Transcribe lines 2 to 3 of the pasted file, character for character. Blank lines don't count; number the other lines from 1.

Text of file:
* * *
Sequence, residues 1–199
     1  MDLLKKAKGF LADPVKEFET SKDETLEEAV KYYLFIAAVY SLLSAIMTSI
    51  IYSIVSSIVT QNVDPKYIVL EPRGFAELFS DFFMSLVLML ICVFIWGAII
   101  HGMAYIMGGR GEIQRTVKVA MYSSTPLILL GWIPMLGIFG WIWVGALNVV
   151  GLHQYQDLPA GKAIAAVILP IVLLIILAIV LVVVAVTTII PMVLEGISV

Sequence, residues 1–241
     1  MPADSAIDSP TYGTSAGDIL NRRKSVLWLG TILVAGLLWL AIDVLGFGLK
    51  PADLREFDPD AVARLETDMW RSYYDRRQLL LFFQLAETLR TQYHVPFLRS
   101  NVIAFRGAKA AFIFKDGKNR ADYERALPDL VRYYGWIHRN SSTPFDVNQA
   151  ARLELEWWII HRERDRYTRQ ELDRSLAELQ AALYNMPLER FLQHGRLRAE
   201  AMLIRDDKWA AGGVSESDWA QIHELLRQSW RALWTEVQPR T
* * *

     1  MDLLKKAKGF LADPVKEFET SKDETLEEAV KYYLFIAAVY SLLSAIMTSI
    51  IYSIVSSIVT QNVDPKYIVL EPRGFAELFS DFFMSLVLML ICVFIWGAII